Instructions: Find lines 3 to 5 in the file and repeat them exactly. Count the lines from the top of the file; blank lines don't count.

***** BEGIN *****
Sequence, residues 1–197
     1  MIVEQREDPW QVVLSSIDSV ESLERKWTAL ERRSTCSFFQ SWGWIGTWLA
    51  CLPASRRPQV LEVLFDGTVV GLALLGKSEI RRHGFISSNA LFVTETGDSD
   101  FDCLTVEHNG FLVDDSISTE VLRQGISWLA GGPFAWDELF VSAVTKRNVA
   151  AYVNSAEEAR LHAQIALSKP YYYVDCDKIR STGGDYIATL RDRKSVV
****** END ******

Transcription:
    51  CLPASRRPQV LEVLFDGTVV GLALLGKSEI RRHGFISSNA LFVTETGDSD
   101  FDCLTVEHNG FLVDDSISTE VLRQGISWLA GGPFAWDELF VSAVTKRNVA
   151  AYVNSAEEAR LHAQIALSKP YYYVDCDKIR STGGDYIATL RDRKSVV